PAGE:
But let’s go back to my entering the borders. I reach the country. My excitement reaches its climax when I receive a call from my Erasmus buddy who happens to live in the city where the youth exchange is going to be held. It has been a year since I last saw her and this youth exchange trip has given me the opportunity to reunite with her again. My unfathomable exhilaration cannot possibly be described in words. It is truly amazing how much you can learn from other people once you sail away from ‘the safe harbour’ and take a step forward into the unknown, yet fascinating world that spreads right in front of you and awaits to be discovered. Indeed, when I come to think about it, an enlarged EU for me is nothing more than the family I have built outside my country’s borders. It’s my crazy bilingual German roommate from Erasmus back in Krakow, or the Turkish fellow participant I met in the training course who was passionate about half-serious, half-playful conversations like me, or even the intriguingly weird yet astoundingly clever Portuguese friend I made during a youth exchange program. All these people, and many more, coming from different corners of Europe, have contributed to my self-development and have, indeed, given me a glimpse of all that is out there and waits to be grasped. They have taught me to look beyond what I see, to view people regardless of their cultural background, sex, or colour. And, most importantly, they have helped me realize that my own concerns, thoughts and experiences, even if they are articulated in a different language than theirs, are in fact common and shared by them as well. It’s funny how we are put into categories (sex, nationality, religion), separating ourselves from others according to certain ideologies, when deep within, we are all united by a single, intrinsic essence: that we are human beings, along with everything that comes with it. By eliminating any physical and imaginative borders, we move beyond the alleged limits we are confined to and construct a larger, greater community, a community whose family-like bonds are the foundations upon which a better world is unfolding.

And this is precisely what an enlarged European Union means to me.



This guest post was written by Anastasia Liopetriti. She loves literature, wine, chocolate and adventures and wrote this article as part of a writing competition about the subject of an enlarged European Union.


Culture, Global Citizenship

Don´t ask me where I´m from, ask where I am a local

“How can a human come from a concept?”  – Taiye Selasi

Indeed. How could a human come from a concept? How can a concept define all of it´s millions of ´nationals´? I have always wondered how and why people feel so confident saying they are from a country. Because in any country, as in the entire world, not two people are alike. So how can millions of people have common ground in a concept, a concept that is different for each and every one of these millions of people based on the place they grew up, based on the way they were raised.

It´s absolutely amazing to hear someone else speak the words you have always thought of. Though Taiye Selasi and I have fairly little in common when you would look at our histories, I feel like I know her very well, and I think all other global citizens, so-called third culture children, will do to, because we share ´ Rituals*´.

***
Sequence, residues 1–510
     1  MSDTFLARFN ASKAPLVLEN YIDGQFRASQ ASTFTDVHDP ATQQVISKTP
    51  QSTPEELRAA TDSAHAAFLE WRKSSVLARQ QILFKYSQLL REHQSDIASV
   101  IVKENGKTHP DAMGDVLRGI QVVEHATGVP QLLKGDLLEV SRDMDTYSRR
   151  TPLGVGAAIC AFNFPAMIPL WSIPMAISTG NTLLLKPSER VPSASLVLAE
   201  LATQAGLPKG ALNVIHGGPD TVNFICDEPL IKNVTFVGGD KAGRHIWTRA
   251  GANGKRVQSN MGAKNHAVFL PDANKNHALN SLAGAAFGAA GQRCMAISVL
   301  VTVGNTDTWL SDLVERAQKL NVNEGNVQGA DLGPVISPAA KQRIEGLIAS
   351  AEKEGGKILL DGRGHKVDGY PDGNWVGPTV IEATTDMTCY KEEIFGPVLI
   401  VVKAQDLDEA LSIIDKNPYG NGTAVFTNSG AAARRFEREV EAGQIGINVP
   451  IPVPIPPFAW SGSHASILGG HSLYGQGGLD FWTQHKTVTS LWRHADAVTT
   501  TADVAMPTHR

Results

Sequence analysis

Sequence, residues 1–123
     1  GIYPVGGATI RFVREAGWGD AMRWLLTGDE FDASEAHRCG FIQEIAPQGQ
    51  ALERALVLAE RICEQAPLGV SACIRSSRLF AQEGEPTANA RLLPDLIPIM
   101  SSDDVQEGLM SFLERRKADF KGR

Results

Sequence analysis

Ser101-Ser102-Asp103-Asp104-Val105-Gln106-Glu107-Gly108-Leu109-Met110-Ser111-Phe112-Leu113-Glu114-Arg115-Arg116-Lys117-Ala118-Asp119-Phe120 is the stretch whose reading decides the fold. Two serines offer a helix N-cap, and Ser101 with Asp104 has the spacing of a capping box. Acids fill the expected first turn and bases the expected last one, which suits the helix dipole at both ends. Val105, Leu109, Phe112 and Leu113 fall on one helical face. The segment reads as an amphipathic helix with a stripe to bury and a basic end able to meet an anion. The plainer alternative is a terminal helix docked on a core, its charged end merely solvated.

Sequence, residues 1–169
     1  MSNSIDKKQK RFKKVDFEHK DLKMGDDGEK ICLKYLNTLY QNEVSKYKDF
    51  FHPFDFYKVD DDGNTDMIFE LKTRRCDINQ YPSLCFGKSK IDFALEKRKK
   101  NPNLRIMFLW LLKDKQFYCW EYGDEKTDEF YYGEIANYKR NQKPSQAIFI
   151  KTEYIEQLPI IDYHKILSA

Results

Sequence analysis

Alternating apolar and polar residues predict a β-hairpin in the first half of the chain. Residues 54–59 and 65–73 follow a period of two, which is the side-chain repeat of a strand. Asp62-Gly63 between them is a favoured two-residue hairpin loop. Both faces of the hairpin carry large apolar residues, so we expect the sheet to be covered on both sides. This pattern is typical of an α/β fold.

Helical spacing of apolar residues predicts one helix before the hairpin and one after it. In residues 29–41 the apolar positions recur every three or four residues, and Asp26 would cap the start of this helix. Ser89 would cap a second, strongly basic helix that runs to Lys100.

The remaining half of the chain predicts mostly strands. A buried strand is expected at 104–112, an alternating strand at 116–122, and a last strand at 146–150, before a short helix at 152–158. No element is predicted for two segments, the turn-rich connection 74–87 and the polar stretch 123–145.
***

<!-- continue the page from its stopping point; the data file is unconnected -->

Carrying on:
The feeling of not telling the complete truth when people ask you where you are from, because you have been influenced by so many other things, so many other places and experiences, yet people will only hear where your passport says you are from. People will put you in a box and say you are a national to this country, but you aren´t.  When you act too different, people will take you out of the box and say you are not a national,  but you are.

“My experience is where I´m from¨ is among the brilliant this Selasi claims in this video. Experiences shape who you are and are in many ways far more important than concepts and the stereotypical ideas we connect to them. Saying you are from a certain country means nothing when you consider all the different nuances there are in being from a country. Did you grow up there? Where? What social class? How did your parents raise you? Where did you go afterward? What influenced your life? All of these are experiences. Experiences that shape your life. Experiences that are more revealing than the simple question of where someone is from.

“You can take away my passport, but you can´t take away my experience” or in other words, my passport or lack thereof doesn´t define my experience as a local somewhere. It does not take away the fact that I feel connected to these people. It doesn´t mean I am any less of a local than those who do have a passport to ´prove´ they are from someplace.

One of the biggest myths about nationalities is going back, and I agree. “I go to Accra every year but I can´t go back to Ghana. […] That country doesn´t exist anymore. We can never go back to a place and find it exactly where we left it. Something, somewhere will always have changed. “ No place can ever be the same as it once was. Times change, people change, rituals change… This is one of the hardest things to accept after having lived abroad. That every place you will go ´back´ to, you will only be chasing memories that are no longer there.

This might be one of the most relatable TED talks I have seen yet. It is beautiful and inspiring and to all of those that don´t relate to one ´ nationality´ or place, this is a must watch.

* Watch video